Small clinical studies for huge breakthrougs in cancer research

29 november 2016

Federa Award to David J. Stewart and Razelle Kurzrock

A radical change in strategy for anticancer research was proposed by prof David Stewart  (University of Ottawa, Canada) and prof Razelle Kurzrock (UCSD Moores Cancer Center, San Diego, California, VS) in 2009.  They proposed that clinical trials should aim to find large differences in small patients groups, and not small differences in large groups. Stewart and Kurzrock’s idea radically broke with traditional reasoning in medicine that led to slow tedious and too limited progress of anticancer treatment. Their concept has opened the way to personalized medicine. Therefore, the Federa Award was given to David Stewart and Razelle Kurzrock by Leendert Looijenga, Federa Chairman, at 11th November 2016.  

Statistical significant or clinical relevant

Stewart and Kurzrock showed that many so-called successful therapies prolonged survival only for mere weeks, but were hailed for being statistically significant. They also showed that breakthrough medicines did have clear benefits in hard data, such as progression- or disease-free survival for at least 6 months. Clinical studies aiming for hard and large therapeutic differences in the results do not need to be randomized controlled, since placebo effects are never large in hard outcomes.

Simpler testing of more medicines

Stewart and Kurzrock argued that clinical research should focus at treatments that offer relevant differences in survival for the patients. If therapy has a large survival benefit for patients with a poor prognosis, pharmaceutical testing does not need inappropriately high safety testing – such testing would only slow progress. Reducing size and requirements of clinical studies allows the testing of many different agents in small numbers of patients for example grouped by biomarkers (personal medicine). The bold change of strategy was supported by research into the fate of FDA-approved oncology drugs for which no large randomized controlled trials have been performed.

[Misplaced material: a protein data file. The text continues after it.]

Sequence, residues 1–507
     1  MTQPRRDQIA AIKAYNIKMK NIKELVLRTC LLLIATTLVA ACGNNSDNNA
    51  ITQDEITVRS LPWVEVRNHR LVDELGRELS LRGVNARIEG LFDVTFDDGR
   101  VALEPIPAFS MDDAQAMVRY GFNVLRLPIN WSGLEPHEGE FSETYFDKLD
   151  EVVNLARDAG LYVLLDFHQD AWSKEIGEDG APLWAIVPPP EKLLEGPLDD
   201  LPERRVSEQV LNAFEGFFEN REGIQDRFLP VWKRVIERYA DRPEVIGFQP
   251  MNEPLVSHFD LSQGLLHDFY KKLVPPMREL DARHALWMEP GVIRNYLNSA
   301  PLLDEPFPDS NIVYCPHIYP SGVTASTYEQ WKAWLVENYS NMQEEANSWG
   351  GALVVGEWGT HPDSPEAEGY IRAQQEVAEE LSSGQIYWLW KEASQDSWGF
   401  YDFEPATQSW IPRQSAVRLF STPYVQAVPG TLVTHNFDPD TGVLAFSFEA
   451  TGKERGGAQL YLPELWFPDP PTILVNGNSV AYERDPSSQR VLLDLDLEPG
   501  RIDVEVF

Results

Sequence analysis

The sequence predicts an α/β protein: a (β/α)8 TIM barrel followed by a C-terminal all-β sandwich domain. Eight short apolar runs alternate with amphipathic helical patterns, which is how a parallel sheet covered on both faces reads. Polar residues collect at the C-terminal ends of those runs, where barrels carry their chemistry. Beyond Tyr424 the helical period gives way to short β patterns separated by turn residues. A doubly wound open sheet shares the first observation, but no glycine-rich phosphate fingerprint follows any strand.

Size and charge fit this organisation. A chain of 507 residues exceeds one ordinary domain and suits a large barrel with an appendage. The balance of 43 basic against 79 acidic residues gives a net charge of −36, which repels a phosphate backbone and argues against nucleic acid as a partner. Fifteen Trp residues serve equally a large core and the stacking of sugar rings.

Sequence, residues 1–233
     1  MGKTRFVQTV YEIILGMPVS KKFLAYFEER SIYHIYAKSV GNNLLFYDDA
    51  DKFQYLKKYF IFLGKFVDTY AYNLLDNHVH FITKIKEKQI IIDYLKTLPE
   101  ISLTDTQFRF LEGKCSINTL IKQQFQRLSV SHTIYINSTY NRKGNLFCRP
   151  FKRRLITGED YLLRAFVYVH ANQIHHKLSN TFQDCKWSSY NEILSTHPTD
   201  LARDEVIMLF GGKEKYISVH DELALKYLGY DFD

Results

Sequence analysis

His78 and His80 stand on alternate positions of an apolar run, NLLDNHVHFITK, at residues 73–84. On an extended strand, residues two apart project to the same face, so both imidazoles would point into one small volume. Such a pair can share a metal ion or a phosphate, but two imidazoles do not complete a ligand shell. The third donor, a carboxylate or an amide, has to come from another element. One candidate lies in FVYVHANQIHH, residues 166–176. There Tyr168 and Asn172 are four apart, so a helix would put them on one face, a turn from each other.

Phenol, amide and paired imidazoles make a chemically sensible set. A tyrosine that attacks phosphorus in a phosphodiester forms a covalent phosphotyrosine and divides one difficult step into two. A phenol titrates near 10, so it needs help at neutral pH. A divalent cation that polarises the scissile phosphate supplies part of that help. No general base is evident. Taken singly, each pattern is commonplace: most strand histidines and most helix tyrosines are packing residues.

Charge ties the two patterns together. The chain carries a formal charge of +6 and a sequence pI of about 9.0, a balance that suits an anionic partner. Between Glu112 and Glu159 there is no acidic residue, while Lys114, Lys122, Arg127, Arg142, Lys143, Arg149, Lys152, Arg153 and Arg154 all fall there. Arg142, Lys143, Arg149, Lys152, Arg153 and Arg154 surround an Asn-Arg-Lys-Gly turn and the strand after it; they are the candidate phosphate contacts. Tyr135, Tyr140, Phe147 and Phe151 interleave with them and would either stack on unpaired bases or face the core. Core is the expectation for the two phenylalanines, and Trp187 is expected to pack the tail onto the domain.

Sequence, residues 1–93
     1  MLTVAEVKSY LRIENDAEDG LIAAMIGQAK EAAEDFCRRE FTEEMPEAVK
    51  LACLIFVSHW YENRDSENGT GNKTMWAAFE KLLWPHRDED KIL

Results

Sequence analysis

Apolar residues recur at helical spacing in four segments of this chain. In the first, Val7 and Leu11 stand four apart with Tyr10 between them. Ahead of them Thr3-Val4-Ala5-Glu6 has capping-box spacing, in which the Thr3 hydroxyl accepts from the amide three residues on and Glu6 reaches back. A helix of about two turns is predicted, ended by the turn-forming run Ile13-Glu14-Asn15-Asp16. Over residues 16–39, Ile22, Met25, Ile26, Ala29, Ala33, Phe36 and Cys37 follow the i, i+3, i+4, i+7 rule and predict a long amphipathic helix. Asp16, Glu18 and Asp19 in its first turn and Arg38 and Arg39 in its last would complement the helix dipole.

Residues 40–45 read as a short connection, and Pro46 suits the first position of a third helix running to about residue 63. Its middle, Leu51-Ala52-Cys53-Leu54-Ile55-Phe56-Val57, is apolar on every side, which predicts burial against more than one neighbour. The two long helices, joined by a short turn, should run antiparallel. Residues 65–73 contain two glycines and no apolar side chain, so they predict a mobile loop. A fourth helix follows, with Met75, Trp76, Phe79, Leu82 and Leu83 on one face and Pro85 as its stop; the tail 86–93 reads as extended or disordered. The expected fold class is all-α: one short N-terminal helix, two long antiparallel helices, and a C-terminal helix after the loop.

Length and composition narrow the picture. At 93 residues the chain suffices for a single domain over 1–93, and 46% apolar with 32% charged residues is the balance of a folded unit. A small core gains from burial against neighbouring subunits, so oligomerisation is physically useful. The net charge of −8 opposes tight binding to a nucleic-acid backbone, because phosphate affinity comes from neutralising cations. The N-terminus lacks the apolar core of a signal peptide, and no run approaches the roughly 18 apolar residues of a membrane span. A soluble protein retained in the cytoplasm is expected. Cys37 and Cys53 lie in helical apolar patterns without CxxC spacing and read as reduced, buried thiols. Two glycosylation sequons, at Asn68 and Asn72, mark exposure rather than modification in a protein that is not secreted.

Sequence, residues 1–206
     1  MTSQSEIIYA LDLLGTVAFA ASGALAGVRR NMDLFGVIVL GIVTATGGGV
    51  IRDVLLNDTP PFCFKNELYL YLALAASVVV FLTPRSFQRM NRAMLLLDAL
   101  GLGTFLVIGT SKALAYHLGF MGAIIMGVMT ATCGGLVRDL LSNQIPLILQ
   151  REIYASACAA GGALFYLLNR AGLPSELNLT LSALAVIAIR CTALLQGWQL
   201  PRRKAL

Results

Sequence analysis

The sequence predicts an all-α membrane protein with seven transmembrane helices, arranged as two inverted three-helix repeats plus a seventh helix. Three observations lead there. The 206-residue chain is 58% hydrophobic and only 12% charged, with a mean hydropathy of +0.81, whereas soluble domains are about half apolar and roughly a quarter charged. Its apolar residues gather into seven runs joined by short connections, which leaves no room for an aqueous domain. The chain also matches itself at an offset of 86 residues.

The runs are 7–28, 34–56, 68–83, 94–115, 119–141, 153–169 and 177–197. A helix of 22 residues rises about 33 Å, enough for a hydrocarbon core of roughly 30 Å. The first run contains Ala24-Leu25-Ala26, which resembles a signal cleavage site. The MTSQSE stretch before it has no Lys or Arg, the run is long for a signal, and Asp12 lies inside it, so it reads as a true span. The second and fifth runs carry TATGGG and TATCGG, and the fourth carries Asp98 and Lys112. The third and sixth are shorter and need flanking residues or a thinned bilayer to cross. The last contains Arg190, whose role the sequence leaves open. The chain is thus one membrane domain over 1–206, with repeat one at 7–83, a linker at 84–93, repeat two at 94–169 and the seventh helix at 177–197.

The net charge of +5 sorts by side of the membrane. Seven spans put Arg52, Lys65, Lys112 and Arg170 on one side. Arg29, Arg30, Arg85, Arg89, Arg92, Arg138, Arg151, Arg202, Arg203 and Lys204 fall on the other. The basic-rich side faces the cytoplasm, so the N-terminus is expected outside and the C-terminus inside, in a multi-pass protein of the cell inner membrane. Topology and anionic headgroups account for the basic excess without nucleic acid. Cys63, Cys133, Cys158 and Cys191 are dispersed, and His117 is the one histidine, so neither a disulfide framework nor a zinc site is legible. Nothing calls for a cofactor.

How to make cancer research more clinical relevant

Go to the presentation -hyperlink volgt- 7 Messages by prof David Stewart at 11th November 2016, Radboudumc  Nijmegen

Key publication

DJ Stewart, R Kurzrock. 2009 Cancer The Road to Amiens. J. Clin. Oncol. 27:329-333

Go to Presentation DJ Stewart on FederaDay How to make cancer research more clinical relevant  7 Messages

Program Committee

The nomination for the scientific Federa Award was done by the Program Committee FederaDag.

Prof. Leendert H. J. Looijenga PhD, chairman Federa
Prof. Marco C. Harmsen PhD, board member Federa
John J. L. Jacobs PhD, secretary Federa
René J F Melis PhD, board member Federa; COREON
Gerard Swaen PhD, board member Federa; COREON
Jozien Helleman PhD, PostdocNL
Christina Helbig PhD, PostdocNL

Nobel Prize?

This year the prestigious Federa Award will be given to scientist for the 40th time. Four Federa award laureates, were awarded with the Nobel Prize, 1 to 25 years later. In lieu of the Federa Award Prof Stewart has given a lecture, November 11th at the Radboud UMC, Nijmegen, The Netherlands.  (link volgt)

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